Training Materials

Use the links below to quickly navigate to the training materials for your session.


Monday October 12th


Introduction & Welcoming Remarks

  • Slide deck for Introduction to the Geo for Good User Summit: View here

Tools for mapping & visualization


Google Earth Basics


Best Practices for Google Earth


My First Maps API

Presenter: Karin Tuxen-Bettman

Slide deck


Google My Maps
    

G4G15: My Maps

    Link to folder

Advanced Google Earth (w/ GPS & GIS data)

Maps API Challenge

Google Fusion Tables

Tuesday October 13th


Lightning Rounds



Tour Builder: Put your story on the map

Google Earth & QGIS

KML Coding

    Presentation outline with links to tutorials and tools.

    Links and resources

    Get some software installed
  • Windows
    • Install the Google Earth plugin if you don't already have it. (yes, it's deprecated ;P)
    • If you don't already have a code editor you like, consider installing Notepad++ and jEdit
  • Mac
    • Install the Google Earth plugin if you don't already have it. (yes, it's deprecated ;P)
    • If you don't already have a code editor you like, consider installing TextWrangler or jEdit
  • Linux
    • Sorry, not Google Earth plugin for you. You can copy/paste into Google Earth
    • If you don't already have a code editor you like (emacs or vim? ;P), consider jEdit

  • Wanna make KML with python?
    Are you a (budding|veteran) programmer? Interested in generating KML with python?
    • Install Python 2.7, if you don't have it already (Ubuntu: sudo apt-get install python2.7)
    • Install pip. Full instructions paraphrased:
      • Download this: get-pip.py
      • In your shell/console, go to the download directory and run: python get-pip.py
    • Install pyKml. Full instructions for Linux, paraphrased for all:
      • Linux / OSX: pip install -U pip
      • Windows: python -m pip install -U pip
      • Alternative Ubuntu/Debian: sudo apt-get install python-pip

Tools for updating and adding to base maps


UGC Imagery: Street View and Photospheres

Satellite & Aerial Imagery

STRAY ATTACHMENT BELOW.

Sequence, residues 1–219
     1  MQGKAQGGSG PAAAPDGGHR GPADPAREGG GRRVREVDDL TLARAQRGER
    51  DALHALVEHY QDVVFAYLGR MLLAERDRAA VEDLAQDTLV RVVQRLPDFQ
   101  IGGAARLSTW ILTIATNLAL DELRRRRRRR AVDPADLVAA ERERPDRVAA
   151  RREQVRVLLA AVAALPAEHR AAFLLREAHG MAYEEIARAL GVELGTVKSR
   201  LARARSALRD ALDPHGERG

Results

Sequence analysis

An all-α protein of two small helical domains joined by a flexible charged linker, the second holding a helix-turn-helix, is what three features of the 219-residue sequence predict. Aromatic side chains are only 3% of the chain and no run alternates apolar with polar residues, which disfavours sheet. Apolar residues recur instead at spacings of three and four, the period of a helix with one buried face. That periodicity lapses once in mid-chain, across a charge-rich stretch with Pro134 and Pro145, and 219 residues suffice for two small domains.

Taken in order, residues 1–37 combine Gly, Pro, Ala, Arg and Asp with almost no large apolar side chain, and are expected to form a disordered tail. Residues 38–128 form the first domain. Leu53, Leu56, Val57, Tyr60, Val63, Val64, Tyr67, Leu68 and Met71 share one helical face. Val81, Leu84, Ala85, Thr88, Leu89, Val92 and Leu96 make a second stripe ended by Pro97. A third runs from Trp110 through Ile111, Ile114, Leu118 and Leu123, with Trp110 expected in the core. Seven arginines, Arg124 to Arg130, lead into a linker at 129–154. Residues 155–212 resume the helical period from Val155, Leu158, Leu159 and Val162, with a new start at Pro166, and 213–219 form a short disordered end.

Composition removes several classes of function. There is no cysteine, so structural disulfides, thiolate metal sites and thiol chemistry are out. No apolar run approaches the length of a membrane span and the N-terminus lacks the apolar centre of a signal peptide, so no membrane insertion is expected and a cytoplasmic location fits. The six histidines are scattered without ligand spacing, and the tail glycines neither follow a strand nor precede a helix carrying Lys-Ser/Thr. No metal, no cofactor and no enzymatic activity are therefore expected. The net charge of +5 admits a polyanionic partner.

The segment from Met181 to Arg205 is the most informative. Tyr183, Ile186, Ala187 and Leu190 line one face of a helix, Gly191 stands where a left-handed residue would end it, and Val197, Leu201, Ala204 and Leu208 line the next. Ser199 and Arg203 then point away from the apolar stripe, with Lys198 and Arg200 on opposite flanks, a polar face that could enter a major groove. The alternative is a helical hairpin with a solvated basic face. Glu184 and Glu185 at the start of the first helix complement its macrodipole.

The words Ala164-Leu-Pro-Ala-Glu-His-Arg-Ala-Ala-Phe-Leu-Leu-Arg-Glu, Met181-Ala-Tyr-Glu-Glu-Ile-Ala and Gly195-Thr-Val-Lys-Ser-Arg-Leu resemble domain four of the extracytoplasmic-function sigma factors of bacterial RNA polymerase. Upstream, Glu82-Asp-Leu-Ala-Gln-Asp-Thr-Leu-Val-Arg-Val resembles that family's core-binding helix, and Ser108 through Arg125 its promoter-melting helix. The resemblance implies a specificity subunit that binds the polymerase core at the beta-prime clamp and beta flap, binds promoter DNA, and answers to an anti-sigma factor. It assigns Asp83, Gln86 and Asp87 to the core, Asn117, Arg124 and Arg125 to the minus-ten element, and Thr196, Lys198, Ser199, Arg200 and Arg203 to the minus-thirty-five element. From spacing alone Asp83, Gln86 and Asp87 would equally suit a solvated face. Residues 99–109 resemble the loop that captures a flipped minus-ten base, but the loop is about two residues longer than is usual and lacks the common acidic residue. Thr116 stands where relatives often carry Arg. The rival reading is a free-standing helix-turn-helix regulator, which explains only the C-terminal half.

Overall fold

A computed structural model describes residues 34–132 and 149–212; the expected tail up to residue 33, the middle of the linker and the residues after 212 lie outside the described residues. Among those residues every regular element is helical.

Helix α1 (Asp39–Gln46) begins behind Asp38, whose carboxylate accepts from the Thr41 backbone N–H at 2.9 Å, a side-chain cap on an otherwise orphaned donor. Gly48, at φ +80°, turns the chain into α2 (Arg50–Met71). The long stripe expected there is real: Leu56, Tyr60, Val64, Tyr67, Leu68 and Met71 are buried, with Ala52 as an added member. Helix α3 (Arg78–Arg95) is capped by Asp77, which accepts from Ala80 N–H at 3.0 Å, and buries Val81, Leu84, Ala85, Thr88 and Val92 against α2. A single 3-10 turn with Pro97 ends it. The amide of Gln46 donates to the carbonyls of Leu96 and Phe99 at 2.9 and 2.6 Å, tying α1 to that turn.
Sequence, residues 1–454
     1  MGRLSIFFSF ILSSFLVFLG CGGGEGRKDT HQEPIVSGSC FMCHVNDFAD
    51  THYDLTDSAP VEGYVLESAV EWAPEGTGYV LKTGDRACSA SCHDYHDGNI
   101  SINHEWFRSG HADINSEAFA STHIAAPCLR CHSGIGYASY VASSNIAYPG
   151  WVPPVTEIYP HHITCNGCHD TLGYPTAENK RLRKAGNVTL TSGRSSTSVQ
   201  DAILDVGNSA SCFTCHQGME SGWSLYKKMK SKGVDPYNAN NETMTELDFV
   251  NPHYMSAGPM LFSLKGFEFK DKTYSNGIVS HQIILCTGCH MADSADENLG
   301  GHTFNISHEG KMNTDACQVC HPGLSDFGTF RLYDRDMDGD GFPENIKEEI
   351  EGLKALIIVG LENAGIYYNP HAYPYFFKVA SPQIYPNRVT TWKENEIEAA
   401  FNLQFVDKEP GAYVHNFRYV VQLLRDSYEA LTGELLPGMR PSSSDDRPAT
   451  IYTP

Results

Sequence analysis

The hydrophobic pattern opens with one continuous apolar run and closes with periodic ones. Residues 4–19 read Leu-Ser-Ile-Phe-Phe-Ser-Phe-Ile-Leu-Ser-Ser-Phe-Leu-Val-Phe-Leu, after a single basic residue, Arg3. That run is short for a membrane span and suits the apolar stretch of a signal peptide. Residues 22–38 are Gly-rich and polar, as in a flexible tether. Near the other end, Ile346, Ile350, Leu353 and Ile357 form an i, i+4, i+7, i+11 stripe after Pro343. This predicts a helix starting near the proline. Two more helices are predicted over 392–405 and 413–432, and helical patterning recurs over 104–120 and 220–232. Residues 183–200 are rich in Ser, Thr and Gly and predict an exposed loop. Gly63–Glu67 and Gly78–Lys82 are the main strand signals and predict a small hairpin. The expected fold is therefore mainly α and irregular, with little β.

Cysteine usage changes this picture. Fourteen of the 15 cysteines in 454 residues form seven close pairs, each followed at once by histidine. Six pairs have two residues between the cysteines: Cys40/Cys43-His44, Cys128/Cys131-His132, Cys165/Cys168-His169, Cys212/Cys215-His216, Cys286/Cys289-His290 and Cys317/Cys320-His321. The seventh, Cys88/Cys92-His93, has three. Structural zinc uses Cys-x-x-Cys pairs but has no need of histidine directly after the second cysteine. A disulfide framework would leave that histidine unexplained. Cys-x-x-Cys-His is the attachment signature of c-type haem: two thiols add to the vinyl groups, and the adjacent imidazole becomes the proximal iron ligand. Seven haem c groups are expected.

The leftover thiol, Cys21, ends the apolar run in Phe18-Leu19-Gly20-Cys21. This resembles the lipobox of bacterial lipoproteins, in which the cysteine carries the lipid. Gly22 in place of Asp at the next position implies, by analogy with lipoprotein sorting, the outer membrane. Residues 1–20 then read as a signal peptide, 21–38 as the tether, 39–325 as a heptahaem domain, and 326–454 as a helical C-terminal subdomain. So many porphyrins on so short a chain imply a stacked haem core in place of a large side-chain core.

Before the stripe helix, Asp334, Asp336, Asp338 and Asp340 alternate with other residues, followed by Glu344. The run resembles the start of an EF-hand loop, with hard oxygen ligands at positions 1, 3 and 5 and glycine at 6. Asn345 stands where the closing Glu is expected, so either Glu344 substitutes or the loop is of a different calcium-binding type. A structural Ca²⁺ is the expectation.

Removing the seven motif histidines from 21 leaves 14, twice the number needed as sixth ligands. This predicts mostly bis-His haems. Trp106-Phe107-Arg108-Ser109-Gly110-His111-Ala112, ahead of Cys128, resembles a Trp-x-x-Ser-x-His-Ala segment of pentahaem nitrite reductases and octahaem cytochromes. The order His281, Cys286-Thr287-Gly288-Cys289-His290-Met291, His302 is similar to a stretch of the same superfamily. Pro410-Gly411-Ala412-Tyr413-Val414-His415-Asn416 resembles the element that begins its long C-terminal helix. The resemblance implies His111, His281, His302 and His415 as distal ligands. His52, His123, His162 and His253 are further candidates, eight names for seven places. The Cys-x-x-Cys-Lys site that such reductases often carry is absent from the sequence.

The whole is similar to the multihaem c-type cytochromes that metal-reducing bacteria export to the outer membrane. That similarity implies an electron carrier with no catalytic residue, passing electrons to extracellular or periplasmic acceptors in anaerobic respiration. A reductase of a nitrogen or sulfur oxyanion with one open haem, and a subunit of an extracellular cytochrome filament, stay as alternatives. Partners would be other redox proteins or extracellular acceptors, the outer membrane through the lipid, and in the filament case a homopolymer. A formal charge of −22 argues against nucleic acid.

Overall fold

Google Map Maker

Presenter: Karin Tuxen-Bettman

Slide deck



Wednesday October 14th


Tools for monitoring & analysis



Mobile Data Collection & Open Data Kit

Mobile Data Collection: Building ODK Survey Forms

Mobile Data Collection: Hosting and Visualizing Data

Introduction to Earth Engine & Remote Sensing
    Presenter: Karin Tuxen-Bettman

Earth Engine Playground for Beginners


Earth Engine: Reducers, Joins, Charts, Arrays
    Presenter: Nick Clinton


Advanced Algorithms: Classification, Unmixing, Terrain
    Presenter: Nick Clinton
    Notes


Google Crisis Map - Publishing Map Mashups
  • Workshop slides here
  • Sample Data for the hands-on exercise:


Lightning Rounds



Thursday October 15


Tools for storytelling

Lightning Rounds

Immersive Experiences with Street view

Storytelling with Google Earth

Timelapse


GME Transition: Use Cases
Presenter: Karin Tuxen-Bettman



Geo Vector Hosting at Google Scale

Presenter: Jordon Mears


Slides



Tour Builder


For the Tour Builder session:

  • View the presentation slides: here
  • Demo data on Google Doc (also below): here
  • Go to Tour Builder: here
  • Download and install the Google Earth plug-inImportant! Make sure you're enabling the plug-in on Firefox, Safari or IE—it will not work on Chrome.

[Exercise 1] TB slide 1: Create an introduction

  • Tour Name: The Heroic Age of Antarctic Exploration

  • Author Name: Your Name

  • Select an introduction picture: 1boat.jpg

  • Text: The Heroic Age of Antarctic Exploration was an era beginning at the end of the 19th century and closing with Sir Ernest Shackleton's Imperial Trans-Antarctic Expedition, the survivors stepping ashore in Wellington, New Zealand February 9, 1917. During this period the Antarctic continent became the focus of an international effort that resulted in intensive scientific and geographical exploration and in which 17 major Antarctic expeditions were launched from ten countries. The explorers of this age are not remembered merely as scientists and sailors; stereotyped as on one hand objective, calculating, and on the other rude, unrefined. Rather, these men are remembered also as poets, photographers and artists.

  • Type of Story: Story 3D


[Exercise 2]: TB slide 2: Create your first location + Customize the view

  • In edit mode, select +Add Location button

  • Search for location: Kildare, Ireland

  • Add location name: County Kildare, Ireland

  • Add a picture: 2young_shackleton.jpg

  • Start Date: February 15, 1874

  • Text: Born in County Kildare, Ireland, Sir Ernest Shackleton and his Anglo-Irish family moved to Sydenham in suburban London when he was ten. His first experience of the polar regions was as third officer on Captain Robert Falcon Scott's Discovery Expedition, 1901–04, from which he was sent home early on health grounds, after he and his companions Scott and Wilson set a new southern record by marching to latitude 82°S.